Esports and the conflicts in the family

Avoid the conflicts, talk to each other

In Esports and gaming as in all other sports and activities, it can easily turn to conflict in the household. Kids enjoy the game and tend to be very serious about winning and playing. When I teach Esports I am often met with frustrated parents, parents trying to maintain a normal life-style with a gaming child.

Once the computer and the game go into the equation everything seems to change. The parents don’t understand why their kids can’t just stop the game and continue after dinner, or they aren’t going to bed when they should. And the frustration is very relatable, but the solution to the problem is much simpler than the parents realize.

Let’s base this on CS:GO.

Set up rules about gaming with your child, they must ask before they start a ranked match. A match usually takes about 30–45mins but can easily go for a full hour. Expect them to need 60mins to complete the game, that way you can plan dinner and they will have to do something else in the game if a full game can’t be completed.

Why don’t they?

That is actually very simple, but the kids tend not to be very good at explaining this and they get frustrated that their parents don’t understand. And it is this circle we must break.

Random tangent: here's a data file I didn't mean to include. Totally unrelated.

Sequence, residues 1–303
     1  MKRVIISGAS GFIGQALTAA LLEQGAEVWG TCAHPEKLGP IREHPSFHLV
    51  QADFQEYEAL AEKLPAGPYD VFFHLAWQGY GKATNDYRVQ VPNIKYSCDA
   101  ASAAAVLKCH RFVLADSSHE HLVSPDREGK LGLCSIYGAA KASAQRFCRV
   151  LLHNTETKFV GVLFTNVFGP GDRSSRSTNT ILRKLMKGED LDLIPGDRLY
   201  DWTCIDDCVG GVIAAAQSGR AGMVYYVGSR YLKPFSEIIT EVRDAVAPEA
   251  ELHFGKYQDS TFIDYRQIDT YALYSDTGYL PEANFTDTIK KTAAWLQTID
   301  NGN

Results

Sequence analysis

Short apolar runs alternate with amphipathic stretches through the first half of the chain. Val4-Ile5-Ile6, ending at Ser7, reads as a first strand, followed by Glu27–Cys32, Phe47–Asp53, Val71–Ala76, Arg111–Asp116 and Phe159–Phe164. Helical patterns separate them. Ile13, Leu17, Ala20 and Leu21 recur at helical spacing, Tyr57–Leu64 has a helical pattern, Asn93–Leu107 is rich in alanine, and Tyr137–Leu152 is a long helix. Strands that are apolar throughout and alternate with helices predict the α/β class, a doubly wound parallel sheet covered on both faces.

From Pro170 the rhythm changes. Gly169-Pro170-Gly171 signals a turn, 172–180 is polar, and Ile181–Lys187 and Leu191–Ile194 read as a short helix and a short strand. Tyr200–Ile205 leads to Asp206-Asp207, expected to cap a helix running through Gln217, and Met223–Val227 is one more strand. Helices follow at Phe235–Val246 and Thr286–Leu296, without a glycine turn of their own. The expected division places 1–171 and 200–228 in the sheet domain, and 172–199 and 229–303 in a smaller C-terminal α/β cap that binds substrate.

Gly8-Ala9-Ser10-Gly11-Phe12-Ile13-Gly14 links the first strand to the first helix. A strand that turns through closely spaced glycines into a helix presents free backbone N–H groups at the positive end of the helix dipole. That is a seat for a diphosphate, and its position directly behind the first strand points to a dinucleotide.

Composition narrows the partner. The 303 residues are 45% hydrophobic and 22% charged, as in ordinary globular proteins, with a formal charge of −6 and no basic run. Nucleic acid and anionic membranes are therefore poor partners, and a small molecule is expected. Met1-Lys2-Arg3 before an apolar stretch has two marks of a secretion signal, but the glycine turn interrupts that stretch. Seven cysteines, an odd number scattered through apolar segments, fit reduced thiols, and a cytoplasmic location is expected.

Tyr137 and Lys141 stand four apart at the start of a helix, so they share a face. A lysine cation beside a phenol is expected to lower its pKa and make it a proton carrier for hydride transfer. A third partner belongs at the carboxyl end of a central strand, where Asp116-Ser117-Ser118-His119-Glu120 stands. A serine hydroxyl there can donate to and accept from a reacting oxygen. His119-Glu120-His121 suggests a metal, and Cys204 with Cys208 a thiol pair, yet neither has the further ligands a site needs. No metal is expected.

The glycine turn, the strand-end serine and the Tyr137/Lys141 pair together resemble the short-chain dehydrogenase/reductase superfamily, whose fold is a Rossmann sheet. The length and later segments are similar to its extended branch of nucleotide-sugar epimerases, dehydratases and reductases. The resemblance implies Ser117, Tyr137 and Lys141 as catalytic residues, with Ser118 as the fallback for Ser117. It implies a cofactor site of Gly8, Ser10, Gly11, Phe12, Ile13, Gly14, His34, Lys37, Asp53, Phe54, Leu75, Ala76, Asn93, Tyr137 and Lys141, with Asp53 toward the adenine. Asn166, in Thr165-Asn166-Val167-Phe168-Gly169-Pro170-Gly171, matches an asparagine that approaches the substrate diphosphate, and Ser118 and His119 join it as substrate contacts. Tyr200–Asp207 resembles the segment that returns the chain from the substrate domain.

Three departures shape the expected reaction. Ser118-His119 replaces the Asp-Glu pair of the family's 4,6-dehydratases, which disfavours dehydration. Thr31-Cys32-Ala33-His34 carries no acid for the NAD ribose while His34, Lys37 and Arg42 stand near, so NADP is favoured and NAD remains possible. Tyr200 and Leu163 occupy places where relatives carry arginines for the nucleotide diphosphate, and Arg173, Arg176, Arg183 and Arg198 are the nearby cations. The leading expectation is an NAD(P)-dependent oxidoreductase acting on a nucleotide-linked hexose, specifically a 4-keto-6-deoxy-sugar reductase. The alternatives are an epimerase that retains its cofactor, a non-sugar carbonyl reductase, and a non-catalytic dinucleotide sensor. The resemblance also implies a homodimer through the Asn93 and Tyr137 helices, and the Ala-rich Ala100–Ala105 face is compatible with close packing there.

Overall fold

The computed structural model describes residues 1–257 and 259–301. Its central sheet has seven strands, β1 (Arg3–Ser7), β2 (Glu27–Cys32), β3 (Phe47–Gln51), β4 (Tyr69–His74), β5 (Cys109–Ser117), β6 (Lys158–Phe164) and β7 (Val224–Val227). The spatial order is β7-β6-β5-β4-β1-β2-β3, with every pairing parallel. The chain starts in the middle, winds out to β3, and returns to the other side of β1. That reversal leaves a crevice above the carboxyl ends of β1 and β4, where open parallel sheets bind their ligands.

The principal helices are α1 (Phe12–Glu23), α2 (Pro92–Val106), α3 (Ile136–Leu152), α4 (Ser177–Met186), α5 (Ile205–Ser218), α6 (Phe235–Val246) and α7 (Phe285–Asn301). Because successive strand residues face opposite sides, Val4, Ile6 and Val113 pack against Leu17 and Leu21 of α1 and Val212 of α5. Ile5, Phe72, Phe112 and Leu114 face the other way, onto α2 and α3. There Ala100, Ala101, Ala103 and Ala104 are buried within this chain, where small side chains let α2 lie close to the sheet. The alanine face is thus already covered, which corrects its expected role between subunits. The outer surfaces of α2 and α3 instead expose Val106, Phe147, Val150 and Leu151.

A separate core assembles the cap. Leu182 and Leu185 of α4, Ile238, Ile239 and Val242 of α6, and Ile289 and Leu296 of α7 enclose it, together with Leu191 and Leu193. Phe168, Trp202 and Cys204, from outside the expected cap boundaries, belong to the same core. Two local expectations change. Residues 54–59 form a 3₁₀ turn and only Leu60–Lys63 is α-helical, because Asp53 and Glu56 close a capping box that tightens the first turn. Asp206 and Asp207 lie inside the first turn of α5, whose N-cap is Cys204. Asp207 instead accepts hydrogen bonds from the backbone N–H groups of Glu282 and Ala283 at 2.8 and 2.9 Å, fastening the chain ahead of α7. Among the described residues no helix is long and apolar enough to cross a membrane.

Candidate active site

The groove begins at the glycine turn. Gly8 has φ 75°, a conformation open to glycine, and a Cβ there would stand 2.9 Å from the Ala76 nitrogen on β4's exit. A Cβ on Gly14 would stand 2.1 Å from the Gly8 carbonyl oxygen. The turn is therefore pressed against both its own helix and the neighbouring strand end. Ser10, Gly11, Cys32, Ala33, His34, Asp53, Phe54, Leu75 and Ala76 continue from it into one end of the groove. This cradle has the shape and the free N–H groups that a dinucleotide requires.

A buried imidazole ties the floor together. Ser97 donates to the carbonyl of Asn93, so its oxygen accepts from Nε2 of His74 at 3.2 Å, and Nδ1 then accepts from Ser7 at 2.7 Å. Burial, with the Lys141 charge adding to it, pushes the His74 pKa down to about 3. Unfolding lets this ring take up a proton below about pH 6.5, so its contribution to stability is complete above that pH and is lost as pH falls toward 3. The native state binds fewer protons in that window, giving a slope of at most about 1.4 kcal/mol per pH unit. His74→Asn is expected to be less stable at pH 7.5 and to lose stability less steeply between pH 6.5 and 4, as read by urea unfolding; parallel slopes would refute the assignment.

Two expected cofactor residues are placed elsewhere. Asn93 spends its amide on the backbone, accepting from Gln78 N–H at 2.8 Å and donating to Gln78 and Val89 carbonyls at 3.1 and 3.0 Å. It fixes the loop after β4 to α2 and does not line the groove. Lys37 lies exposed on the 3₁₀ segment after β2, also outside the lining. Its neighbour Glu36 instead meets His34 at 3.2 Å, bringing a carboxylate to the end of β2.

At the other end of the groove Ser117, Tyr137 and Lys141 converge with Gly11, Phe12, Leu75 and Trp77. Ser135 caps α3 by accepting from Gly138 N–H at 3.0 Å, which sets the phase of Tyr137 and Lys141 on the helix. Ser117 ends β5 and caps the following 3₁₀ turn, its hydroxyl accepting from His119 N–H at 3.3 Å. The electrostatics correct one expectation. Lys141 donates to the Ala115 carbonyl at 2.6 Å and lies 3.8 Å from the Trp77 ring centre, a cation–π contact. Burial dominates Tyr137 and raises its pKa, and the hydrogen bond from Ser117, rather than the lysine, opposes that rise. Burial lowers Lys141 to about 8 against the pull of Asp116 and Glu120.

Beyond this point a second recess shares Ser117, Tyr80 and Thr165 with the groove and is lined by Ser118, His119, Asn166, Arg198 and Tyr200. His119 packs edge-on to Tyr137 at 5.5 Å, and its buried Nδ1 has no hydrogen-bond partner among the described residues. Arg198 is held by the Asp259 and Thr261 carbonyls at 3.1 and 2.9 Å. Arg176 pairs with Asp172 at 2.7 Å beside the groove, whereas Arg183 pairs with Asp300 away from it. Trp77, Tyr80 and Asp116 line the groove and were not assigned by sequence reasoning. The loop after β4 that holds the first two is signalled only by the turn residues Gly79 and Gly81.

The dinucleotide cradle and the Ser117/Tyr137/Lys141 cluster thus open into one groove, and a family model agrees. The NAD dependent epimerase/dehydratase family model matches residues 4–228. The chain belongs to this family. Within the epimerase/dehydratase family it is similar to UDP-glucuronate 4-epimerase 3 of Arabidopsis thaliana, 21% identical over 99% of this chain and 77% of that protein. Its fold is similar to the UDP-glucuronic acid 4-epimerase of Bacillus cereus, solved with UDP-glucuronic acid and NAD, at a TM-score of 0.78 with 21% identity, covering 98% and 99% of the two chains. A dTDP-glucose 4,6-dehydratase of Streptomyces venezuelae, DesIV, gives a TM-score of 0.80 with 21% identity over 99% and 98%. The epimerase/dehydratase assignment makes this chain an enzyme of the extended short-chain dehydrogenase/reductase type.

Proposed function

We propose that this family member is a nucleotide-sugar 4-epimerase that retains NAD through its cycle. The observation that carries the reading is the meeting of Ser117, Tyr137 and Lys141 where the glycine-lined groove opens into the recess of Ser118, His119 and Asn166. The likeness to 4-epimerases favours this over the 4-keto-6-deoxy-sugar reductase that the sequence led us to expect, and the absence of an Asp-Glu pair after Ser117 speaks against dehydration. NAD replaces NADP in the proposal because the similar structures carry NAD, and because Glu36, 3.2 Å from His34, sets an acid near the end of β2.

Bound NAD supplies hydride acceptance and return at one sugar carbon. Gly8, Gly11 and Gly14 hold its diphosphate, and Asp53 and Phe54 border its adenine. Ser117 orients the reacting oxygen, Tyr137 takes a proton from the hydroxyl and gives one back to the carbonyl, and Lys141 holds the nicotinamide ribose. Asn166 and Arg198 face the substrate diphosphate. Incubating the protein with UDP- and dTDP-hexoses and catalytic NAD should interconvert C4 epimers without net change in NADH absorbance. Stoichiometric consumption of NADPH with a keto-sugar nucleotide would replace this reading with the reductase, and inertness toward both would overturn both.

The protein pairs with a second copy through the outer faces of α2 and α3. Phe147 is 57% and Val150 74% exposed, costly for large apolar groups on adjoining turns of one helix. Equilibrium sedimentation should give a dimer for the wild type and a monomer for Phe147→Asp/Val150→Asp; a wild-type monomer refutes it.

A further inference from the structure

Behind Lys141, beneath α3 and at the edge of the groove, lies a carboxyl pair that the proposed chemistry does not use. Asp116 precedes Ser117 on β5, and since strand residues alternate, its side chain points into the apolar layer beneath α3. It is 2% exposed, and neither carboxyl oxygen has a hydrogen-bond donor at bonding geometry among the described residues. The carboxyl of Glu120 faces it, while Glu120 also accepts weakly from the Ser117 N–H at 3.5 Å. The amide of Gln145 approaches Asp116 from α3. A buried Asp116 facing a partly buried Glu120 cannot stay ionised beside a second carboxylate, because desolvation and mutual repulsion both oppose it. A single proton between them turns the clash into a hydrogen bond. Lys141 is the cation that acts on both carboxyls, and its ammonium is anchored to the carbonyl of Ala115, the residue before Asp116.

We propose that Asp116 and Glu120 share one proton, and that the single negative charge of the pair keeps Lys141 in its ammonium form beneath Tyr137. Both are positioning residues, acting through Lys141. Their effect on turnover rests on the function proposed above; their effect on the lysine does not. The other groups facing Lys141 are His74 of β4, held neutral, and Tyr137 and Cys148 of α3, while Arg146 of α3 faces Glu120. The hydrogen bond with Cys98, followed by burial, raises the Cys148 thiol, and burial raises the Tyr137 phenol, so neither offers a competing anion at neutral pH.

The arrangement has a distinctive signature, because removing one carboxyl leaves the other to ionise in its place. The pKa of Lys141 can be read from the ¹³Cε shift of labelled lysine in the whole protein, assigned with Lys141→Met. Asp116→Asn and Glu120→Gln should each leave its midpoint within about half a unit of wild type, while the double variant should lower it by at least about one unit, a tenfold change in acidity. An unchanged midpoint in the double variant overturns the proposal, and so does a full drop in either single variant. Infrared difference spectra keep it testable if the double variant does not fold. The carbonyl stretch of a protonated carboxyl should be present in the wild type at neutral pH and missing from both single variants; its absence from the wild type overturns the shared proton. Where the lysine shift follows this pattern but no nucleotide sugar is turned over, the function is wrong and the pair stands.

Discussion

An online game cannot be paused, once the game has started it will either be completed with them in the game or not. The game will finish no matter what, if they lose they lose rank which is why they want to finish the game.

As it is an online game it is a game with their friends but also people they don’t know. So we have five people somewhere in the world in the game ready to play. So the game will finish no matter what.

If you leave a game that has already started they will be punished for it. The punishment isn’t a simple warning. It might be the first time, but repeat leavers is punished by not being able to play. And this is no joke, they will be banned from playing online with their friends in competitive match making.

There are four levels of punishment.

1. 30 min ban from competitive play.

2. 2 hours ban from competitive play.

3. 24 hours ban from competitive play.

4. 7 days ban from competitive play.

So, on top of loosing rank you can be banned from playing with your friends for a week. So, I think we can all agree it is very easy to understand why the kids get upset when this happens. Imagine you not being allowed to play a game for a week, because your dad cut the power or turned off the internet connection.

I hope this helps families to better handle the conflicts that Esports and gaming might have introduced in the home.

It’s always hard to communicate when speaking two different languages.


Twitter: @MagiKPandaDK

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